The June topic for Bloggers for Peace is peace in your relationships.
Peace = freedom from oppressive emotions
Peace is defined as freedom from disquieting or oppressive thoughts or emotions. Achieving this state within ourselves is a worthy goal; but we have a lot of our “humanness” to fight in order to reach it.
Fear is a normal part of life
Fear is one of those human emotions programmed into us that separates us from a state of peace. If you’re afraid, you cannot find peace, with yourself or with others. Certainly, fear has its place; if you’re being chased by a bear, you’d better feel fear to help find a way out. That’s a healthy fear, one that helps keep you safe.
However, most fear we experience is “unhealthy” fear: something to which we have a fear response but which really won’t hurt us, and which can hold us back from achieving our goals – and from experiencing more peace in our lives.
For instance, being afraid to speak in public is an unhealthy fear; it’s not dangerous to get up in front of a group (after all, most audiences don’t throw things at speakers they don’t like), and being able to do so may further our careers or other goals.
We’re not conscious of many of our fears
It’s normal to have unhealthy fears; it’s part of life. In fact, most people have many fears they may not even be conscious of. In addition to the “common” fears we can all name (public speaking, flying, skydiving, etc), there are many types of fear we accept as “part of life.” Some, for instance, are changing jobs; taking a chance in your job; poor relations with a boss or other co-workers; trying a new relationship; moving on from a bad relationship; speaking your feelings or needs to a family member or friend… and the list goes on.
Try listening to other people talk – you can hear the fear in what they say. What makes them unhappy? Why don’t they change it? Many, many people live with fear of moving forward in one or many ways. Then listen to your own thoughts; how much fear do you live with? And what is it costing you?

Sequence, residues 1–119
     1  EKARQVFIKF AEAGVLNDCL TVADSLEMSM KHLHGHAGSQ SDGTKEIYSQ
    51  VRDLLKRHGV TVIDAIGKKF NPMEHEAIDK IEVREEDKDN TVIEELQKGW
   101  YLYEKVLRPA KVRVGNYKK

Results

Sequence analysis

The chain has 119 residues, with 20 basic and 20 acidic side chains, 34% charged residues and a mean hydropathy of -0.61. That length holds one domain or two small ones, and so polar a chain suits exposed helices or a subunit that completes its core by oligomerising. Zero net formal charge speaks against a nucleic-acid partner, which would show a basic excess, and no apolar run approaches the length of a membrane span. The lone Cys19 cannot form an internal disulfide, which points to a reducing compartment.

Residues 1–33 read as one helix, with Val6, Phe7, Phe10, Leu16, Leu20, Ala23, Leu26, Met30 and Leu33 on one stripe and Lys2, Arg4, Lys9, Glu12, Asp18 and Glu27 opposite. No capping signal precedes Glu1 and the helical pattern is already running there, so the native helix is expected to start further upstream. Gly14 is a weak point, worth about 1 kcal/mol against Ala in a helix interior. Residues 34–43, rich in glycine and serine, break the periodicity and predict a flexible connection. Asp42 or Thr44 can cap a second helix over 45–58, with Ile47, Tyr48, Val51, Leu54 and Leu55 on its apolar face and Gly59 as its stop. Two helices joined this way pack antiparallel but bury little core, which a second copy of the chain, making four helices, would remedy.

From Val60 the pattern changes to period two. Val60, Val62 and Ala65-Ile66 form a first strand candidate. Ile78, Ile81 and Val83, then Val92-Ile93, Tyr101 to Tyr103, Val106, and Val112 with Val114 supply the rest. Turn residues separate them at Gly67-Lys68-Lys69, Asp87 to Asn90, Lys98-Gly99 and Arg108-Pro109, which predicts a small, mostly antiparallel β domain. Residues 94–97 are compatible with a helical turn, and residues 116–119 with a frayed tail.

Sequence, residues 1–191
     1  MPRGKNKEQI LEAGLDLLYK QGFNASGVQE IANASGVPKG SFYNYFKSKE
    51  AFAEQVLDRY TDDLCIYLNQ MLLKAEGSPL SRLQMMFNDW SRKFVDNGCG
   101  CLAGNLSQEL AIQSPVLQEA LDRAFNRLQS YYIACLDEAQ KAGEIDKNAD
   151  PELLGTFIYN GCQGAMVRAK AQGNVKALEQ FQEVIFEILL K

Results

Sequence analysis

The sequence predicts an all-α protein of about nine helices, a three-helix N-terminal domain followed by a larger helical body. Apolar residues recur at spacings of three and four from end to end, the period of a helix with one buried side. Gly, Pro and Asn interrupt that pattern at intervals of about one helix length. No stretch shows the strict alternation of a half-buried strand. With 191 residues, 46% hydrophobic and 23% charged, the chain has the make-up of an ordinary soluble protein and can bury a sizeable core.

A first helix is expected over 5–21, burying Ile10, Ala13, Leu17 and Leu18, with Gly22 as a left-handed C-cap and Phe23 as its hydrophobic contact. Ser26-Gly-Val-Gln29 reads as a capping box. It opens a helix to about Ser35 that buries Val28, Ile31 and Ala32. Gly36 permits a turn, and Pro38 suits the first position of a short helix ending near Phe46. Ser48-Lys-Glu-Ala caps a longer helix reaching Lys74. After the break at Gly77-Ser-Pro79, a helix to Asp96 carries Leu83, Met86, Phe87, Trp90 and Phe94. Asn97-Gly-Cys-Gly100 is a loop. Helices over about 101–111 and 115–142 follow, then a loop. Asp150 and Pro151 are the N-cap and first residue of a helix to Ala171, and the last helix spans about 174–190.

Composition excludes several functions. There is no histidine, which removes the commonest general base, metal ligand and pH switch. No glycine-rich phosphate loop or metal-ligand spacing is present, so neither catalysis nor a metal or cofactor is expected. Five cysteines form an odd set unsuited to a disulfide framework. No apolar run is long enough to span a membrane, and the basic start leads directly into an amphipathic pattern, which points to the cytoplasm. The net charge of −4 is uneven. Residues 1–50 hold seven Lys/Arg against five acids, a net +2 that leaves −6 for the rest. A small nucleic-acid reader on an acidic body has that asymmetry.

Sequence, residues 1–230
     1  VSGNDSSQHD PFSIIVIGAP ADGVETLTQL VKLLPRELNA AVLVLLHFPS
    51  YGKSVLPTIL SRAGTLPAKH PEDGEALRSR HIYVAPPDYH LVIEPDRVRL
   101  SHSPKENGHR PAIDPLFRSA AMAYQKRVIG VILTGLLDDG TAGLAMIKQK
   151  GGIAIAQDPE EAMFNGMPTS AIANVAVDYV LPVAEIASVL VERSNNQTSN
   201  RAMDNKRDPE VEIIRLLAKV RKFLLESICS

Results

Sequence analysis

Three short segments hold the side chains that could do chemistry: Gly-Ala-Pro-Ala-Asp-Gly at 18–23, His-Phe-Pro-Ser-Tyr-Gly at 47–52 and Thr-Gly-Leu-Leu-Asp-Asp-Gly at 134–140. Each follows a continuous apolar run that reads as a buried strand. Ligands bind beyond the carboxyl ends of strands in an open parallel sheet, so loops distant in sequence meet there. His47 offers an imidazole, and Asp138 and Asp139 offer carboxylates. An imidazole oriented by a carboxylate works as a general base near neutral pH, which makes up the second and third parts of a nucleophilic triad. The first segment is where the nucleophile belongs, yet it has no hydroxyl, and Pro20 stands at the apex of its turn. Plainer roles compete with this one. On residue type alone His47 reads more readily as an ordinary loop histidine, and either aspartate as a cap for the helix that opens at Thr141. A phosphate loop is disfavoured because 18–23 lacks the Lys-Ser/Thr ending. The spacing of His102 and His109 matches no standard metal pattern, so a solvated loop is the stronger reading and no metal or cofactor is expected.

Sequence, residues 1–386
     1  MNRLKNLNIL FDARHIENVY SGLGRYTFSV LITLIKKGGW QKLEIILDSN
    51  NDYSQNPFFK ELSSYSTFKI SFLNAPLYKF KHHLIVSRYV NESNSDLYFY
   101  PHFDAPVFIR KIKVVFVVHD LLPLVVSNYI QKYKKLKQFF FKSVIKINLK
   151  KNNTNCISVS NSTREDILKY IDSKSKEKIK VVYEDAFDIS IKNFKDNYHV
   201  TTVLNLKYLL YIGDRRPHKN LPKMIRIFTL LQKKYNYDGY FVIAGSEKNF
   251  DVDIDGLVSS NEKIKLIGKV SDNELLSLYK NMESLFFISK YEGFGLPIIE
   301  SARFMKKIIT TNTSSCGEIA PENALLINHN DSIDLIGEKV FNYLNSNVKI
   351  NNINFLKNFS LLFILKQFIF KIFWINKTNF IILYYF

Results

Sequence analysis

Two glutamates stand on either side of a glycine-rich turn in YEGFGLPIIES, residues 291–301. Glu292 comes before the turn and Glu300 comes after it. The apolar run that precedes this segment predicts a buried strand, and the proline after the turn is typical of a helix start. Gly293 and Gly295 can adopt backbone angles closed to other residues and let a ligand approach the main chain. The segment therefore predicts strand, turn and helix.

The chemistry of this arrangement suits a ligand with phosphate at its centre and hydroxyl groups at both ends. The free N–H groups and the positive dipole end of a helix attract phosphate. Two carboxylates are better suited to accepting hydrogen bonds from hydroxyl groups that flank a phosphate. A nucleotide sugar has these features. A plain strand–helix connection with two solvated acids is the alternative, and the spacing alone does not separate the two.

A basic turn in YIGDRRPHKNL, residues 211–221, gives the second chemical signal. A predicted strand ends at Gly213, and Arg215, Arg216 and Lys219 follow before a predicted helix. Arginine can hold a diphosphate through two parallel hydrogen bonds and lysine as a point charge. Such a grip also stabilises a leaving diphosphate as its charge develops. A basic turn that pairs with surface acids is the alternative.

Change your thoughts, change your feelings, eliminate your fear
The good news is we can change this … and it’s easy – relatively, at least. They key is to remember our thoughts shape our beliefs and feelings. Change your thoughts, change your feelings, eliminate your fear.
Yes, it sounds much more simple that it really is. If you’re interested in trying some techniques, check out these cognitive-behavioral techniques. They may help get you on the right track.
Put your child on the right track early
When you realize how much fear is in your everyday life, it becomes even more obvious why it’s so important to help our children learn techniques for overcoming fear when they’re young. You’ll never be able to eliminate a person’s fear reaction – and you wouldn’t want to. But what you can do is help your child learn techniques to help him face – and overcome – that fear when it does arise.
A few more Peace in Relationships posts
For more posts on Peace in Relationships, please visit:
Through the Peacock’s eyes, who talks about peace at home beginning with each of us
Kelly Kuhn.com, who looks at how she healed her relationship with her mother
JRosenberry1, who shows how the Komainu, Japanese Shinto lion-dogs, represent the “perfect relationship.”